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Sep 24, 1998

Fire leaves two families homeless

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Five days ago it was the northside… today it was the southside’s turn to feel the heat of a fire. And while this morning’s blaze was less costly than Saturday’s disaster, it still left two families without a place to call home.

The fire started shortly before nine this morning and totally destroyed a two-storey house at the corner of Antelope Street and Central American Boulevard. The building, which was occupied by the Arnold and Jones families, was quickly engulfed in flames, after witnesses said they saw smoke coming from the upper flat. According to Veronica Jones, who lived upstairs, her daughter, was not feeling well and was resting when she was overcome by the strong smell of smoke.

Veronica Jones, Fire Victim

“She said she just smell smoke and she was choking and she just ran out and shout and some people came and they took; they help take some stuff, but the smoke was too much.”

Michael Usher, Brother

“One neighbor said he saw the fire coming from the bedroom, from the bathroom, but I don’t really know. I got a call saying that the house was on fire and came over here as quickly as possible.”

While Jones was lucky to be able to save some of her household items, her sister, Barbara Arnold who lived downstairs was not so lucky. Arnold said she was at work, when she heard about the fire and by the time she reached the scene, it was too late.

Barbara Arnold, Fire Victim

“I was just here; I just watch my house going up in flames.”

As Arnold helplessly watched her household possessions burn, she says what was equally devastating, was the lack of fire fighting equipment at the scene.

Barbara Arnold

“My house was already engulfed; I couldn’t save anything. So I kept yelling and asking, where are the other fire engines; somebody please help, get the other fire engines. Whichin, I don’t know how long it took the call to reach them, it could be that.

Definitely, it could have been saved, at least some of the things would be wet, but maybe, maybe the lower flat at least could have been saved or part of it, because the upstairs is wooden.”

Witnesses say when the fire service arrived on the scene, there was nothing but confusion and delay, as the firemen appeared to be having problems with their equipment and water supply.

Floyd Hamilton, Witness

“The firemen look like, I don’t know why the delay, but it took at least twenty to twenty five minutes for them to reach here, before nine ‘o clock. Smoke still was coming out from the top when they reach here. From then, their hose burst after they hook it up and from then, the fire burst through.”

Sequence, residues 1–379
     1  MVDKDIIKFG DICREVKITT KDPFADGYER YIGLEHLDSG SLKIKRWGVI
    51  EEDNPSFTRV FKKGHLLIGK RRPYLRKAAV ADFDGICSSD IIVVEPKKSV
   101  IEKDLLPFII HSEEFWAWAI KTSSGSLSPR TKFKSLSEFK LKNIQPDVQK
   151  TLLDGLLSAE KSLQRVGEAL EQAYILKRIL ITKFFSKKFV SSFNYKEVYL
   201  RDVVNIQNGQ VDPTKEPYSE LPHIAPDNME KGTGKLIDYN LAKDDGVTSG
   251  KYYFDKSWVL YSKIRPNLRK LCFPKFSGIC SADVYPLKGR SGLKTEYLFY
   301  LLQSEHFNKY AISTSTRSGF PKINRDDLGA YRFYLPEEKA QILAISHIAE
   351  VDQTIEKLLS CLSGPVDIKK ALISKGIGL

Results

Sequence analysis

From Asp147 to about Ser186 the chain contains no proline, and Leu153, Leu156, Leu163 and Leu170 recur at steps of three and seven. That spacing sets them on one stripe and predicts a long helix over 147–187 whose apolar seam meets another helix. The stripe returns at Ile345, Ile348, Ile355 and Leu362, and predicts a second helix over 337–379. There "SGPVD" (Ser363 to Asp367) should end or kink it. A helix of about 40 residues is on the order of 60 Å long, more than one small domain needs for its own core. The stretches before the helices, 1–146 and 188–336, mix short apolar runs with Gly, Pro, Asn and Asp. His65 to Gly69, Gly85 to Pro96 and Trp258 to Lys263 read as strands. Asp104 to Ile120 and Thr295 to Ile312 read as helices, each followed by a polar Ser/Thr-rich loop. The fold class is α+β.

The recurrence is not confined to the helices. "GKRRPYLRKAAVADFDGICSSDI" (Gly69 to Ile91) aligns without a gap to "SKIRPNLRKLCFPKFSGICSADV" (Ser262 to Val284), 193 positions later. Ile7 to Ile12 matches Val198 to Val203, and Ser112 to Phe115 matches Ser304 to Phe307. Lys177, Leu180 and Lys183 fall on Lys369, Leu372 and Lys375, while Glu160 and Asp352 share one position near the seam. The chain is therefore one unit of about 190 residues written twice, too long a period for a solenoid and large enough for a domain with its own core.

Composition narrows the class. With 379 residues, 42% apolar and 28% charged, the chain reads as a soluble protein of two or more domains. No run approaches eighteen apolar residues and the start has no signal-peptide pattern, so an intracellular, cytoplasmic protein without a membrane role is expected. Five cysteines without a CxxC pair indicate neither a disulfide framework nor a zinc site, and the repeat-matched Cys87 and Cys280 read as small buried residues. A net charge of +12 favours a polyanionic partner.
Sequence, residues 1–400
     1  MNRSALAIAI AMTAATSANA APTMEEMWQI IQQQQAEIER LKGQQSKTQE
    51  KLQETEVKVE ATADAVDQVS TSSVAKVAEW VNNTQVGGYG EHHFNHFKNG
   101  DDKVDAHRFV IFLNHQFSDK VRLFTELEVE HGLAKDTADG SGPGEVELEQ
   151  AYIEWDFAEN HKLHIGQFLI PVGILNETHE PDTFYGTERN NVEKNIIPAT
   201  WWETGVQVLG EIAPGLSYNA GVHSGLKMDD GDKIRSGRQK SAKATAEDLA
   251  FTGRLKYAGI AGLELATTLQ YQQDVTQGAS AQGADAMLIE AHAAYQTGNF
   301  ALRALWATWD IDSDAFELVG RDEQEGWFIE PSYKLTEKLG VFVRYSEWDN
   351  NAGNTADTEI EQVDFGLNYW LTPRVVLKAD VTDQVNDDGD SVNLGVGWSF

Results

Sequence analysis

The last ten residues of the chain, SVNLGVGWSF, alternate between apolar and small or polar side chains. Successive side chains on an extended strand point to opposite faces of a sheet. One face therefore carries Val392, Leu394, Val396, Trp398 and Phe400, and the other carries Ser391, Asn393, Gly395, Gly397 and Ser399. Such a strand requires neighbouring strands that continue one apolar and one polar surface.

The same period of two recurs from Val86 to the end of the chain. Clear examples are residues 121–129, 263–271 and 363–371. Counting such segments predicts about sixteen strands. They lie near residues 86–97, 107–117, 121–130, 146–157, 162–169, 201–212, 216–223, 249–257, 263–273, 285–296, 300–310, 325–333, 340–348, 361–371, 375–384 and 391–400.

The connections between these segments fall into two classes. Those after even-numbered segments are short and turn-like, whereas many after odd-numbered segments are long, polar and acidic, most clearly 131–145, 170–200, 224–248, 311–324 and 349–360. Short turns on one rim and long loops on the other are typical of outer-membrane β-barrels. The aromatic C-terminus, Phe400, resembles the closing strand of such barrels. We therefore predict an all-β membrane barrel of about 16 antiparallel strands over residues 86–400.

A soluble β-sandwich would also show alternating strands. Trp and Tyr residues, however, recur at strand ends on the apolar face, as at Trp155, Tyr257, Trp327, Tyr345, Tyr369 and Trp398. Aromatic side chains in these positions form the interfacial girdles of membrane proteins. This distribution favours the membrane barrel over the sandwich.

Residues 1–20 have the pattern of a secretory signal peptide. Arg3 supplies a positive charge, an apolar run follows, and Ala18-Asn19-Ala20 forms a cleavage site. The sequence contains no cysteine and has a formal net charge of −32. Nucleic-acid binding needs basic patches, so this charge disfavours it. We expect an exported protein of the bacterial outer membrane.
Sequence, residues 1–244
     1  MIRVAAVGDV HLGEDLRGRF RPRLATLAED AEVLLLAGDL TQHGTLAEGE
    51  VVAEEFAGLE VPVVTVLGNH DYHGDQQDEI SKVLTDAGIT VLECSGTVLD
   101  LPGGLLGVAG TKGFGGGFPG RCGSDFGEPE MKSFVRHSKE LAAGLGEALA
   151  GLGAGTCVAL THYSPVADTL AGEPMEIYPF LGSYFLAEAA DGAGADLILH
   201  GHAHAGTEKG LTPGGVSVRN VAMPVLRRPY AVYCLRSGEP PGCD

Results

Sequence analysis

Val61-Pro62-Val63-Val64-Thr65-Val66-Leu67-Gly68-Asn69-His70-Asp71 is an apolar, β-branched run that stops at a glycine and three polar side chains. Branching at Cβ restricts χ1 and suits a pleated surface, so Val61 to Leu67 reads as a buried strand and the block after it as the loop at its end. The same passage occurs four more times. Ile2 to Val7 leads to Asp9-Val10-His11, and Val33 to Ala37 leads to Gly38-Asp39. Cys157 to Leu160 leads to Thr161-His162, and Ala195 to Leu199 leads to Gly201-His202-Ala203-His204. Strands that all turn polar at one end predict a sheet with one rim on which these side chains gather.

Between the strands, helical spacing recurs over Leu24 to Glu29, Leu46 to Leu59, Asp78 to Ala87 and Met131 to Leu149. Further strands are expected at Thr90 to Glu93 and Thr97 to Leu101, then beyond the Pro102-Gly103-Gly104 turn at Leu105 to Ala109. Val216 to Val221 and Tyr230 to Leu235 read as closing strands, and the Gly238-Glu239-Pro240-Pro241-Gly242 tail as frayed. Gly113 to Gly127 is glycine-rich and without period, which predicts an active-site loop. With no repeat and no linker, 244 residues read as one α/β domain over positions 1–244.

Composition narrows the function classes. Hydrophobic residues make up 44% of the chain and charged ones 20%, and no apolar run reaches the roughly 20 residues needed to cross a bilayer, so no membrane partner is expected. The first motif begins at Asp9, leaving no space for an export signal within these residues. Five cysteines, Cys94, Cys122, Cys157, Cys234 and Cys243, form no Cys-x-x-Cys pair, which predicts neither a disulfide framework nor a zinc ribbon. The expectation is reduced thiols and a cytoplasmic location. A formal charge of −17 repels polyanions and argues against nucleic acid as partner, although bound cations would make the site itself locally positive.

Veronica Jones

“I think a neighbor called the Fire Department and they said that the fire truck came. That’s the only one there and it’s really right at a hydrant there and somebody could have just loose that and made a connection.”

Q: “Why didn’t you all use the hydrant that is directly in front of the house?”

Norris Fisher, Administrative Officer, Nat’l Fire Service

“When we came here, to have the water people to have the water pressure stepped up, they had to increase the pressure throughout the whole water system and that just does not happen in a minute or so. It takes a while to develop the pressure that is needed.”

Norris Fisher, who is the Administrative Officer for the National Fire Service, said after they accessed water from the North Creek Canal, about two blocks away, unruly motorists caused further problems.

Norris Fisher

“The traffic people, the traffic on a whole has no respect for the fire service. They just keep jumping over the lines and causing the pressure to drop because whenever the vehicles cross the hose, the water flow stops and when it gets off, there is a rush. And because of that, we had a breakage in the water line. We had one break just in front of the building and another line broke just further.”

Q: “Mr. Fisher, if you all did not encounter these problems, do you believe that you all would have been able to save this building?”

Norris Fisher

“We would have been able to save much, more than what is left there.”

Floyd Hamilton

“Very slow. I mean, they can’t blame the traffic, cause traffic was hectic this morning, but by the time when the fire started, the whole street was peel, so, they are very slow.”

Fisher contends that the traffic was so bad, that it was not until traffic officers started ticketing the drivers, that they had some clearance to fight the blaze. At this time it is not clear as to what may have started the fire, but Jones suspects that maybe the blaze was caused by some faulty wiring.

Veronica Jones

“Well, somebody said it started from the bathroom. What happen is that I had done some wiring all over and I remove all the wiring from upstairs and we did wiring outside, so you could see the wiring. The only thing we had a connection from the bathroom.”

A total of nine people were left homeless. It is not known if the building was insured, as the owner presently resides in the United States.

The fire victims will stay with relatives until they can find new housing.

Viewers please note: This Internet newscast is a verbatim transcript of our evening television newscast. Where speakers use Kriol, we attempt to faithfully reproduce the quotes using a standard spelling system.

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